A giant million-mile-long plume from the Sun’s surface has been captured by an astrophotographer: The stunning image shows a bright stream of plasma traveling at 100,000 mph as it blasts into space.
- An amateur astrophotographer took more than a million pictures of the sun in six hours
- A solar storm began, resulting in the largest solar bulge he had ever witnessed.
- A plume of plasma began to form from the bulge, which grew to about a million miles long, then broke off and flew off into space until it disappeared.
An amateur astrophotographer pointed his telescope at the sun and observed a plume rising from the fiery surface at a speed of 100,000 miles per hour when it was more than a million miles long.
Andrew McCarthywho lives ArizonaHe told DailyMail.com that he spent six hours snapping more than a million photos, which he “stitched” together for the final image – but because the plume was so large, he was only able to capture half of it in the photo.
The energetic and highly magnetized, superheated gas, or coronal mass ejection (CME), unleashed what McCarthy said was the largest solar bulge he had ever witnessed — a bright feature stretching outward from the surface about 500,000 miles across.
On the same day McCarthy observed the sun, a small solar storm flared up on the sun, causing a large bulge to form that caught his attention.
“I saw a big boom start to rise – a clear sign that something exciting was about to happen,” he said.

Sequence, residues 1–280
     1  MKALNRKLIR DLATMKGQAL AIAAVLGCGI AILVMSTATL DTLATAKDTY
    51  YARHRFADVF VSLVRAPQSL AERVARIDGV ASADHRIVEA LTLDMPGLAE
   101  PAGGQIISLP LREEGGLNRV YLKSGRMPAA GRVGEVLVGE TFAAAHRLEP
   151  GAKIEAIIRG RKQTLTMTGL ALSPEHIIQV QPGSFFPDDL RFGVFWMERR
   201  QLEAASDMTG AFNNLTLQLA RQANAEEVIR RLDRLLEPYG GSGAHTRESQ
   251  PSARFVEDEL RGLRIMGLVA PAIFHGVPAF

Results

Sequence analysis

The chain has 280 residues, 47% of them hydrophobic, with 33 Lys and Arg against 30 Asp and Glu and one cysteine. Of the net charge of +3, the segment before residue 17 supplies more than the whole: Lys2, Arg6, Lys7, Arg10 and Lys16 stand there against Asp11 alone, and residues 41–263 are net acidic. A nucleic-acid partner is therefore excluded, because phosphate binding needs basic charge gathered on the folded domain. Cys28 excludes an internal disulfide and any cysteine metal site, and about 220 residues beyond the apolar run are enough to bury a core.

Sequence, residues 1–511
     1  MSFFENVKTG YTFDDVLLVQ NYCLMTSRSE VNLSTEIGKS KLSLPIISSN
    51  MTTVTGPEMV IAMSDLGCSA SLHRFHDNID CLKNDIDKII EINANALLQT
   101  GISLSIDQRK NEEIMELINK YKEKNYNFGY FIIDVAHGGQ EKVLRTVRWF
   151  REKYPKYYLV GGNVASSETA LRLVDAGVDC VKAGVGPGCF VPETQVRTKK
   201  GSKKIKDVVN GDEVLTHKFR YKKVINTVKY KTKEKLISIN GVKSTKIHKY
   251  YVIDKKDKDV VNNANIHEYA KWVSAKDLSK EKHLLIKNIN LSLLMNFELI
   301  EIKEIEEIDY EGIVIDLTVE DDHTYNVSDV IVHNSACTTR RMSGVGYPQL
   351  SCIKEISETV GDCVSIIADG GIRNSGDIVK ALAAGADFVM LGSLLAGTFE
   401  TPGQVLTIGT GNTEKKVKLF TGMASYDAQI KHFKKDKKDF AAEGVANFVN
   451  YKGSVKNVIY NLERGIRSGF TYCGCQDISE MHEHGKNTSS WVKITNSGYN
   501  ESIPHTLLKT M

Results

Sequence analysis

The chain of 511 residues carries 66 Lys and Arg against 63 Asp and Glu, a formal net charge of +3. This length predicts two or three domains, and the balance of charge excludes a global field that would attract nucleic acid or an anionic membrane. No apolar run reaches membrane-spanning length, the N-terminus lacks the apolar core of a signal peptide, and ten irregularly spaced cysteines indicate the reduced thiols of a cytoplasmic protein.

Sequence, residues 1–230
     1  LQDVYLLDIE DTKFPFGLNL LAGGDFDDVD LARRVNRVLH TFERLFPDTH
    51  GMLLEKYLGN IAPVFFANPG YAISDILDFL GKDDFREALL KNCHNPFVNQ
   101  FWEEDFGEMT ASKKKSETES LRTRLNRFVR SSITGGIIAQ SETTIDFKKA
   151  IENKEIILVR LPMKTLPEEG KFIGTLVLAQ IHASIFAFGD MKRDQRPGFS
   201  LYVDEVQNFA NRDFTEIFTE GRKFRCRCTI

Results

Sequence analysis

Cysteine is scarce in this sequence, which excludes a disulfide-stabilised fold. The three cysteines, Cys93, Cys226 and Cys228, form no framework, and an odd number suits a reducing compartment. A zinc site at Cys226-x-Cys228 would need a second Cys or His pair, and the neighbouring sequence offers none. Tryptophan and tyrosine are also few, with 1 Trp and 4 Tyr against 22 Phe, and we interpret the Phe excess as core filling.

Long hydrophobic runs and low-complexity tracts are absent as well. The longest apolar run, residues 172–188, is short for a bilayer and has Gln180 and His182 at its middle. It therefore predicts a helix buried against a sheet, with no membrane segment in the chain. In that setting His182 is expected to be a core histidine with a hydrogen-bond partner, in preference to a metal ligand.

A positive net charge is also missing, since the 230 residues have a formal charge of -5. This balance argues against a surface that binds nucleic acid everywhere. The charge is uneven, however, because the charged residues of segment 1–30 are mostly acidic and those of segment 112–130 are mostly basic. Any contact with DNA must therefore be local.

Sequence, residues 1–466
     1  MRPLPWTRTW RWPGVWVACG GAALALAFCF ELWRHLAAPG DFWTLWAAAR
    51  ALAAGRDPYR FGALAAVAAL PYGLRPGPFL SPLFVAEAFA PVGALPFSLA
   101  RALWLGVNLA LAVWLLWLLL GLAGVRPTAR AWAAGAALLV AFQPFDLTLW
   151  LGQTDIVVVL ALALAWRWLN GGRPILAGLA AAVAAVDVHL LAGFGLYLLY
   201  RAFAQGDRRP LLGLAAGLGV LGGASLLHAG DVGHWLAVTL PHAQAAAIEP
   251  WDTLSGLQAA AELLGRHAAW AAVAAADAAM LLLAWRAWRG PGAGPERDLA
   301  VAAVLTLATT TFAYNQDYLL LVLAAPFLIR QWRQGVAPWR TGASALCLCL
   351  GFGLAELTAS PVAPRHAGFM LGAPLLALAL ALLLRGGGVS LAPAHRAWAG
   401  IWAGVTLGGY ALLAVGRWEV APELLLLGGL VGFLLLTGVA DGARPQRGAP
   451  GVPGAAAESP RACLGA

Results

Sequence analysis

So I aimed my telescope [at] and looked at the CME form.
“These are the moments solar astronomers live for.”
Andrew McCarthy captured a giant plume rising from the sun. The plasma stream stretched nearly a million miles. The incident happened during a small solar storm
The giant plume formed on September 24, the day the solar storm erupted on the sun.
However, the storm is in the lowest category and may have been missed by eyes on Earth.
It began to emerge from a giant shell of a plasma plume and then broke off and flew into space at about 100,000 miles per hour. live tweeted measure.
The images were taken using a modified five-inch refractor telescope, which McCarthy said needed to be modified because pointing a telescope at the sun would otherwise blind you.
The plume slowly began to grow, reaching 200,000 miles, then 600,000, and reaching more than a million locations and out into space.
“This is the distance from Earth to JWST [Jame Webb Space Telescope]”, he shared in his tweet.
McCarthy, who is there gallery stunning visuals of the wonders of space, he kept his eyes on the plume for at least two hours, watching it break away and fly off into space, where it became not a roaring ball of superheated gas, but rather a moon-sized blob. was
And the farther he went, the weaker he became.
McCarthy told DailyMail.com that the glory you see in the photo is about 500,000 miles, maybe a little less.
McCarthy took more than a million pictures of the sun and stitched them together for the final piece. I watched the plume grow until it broke off and flew off into space. Pictured is the raw image I took
This is easy to imagine when you realize that the Sun is 865,000 miles across!
“The little bits I followed in my live tweets were a million miles away, but they didn’t make it into the final photo.”
McCarthy went on to explain that because so many images were used, he incorporated a technique called “lucky imaging” into his shots.
“I use the TIFF format (a video format that many astrophotographers use) because I think it gives me more control to reject bad shots when the wind is blowing or when I see conditions getting worse,” he said.
Our atmosphere sometimes makes things difficult.”
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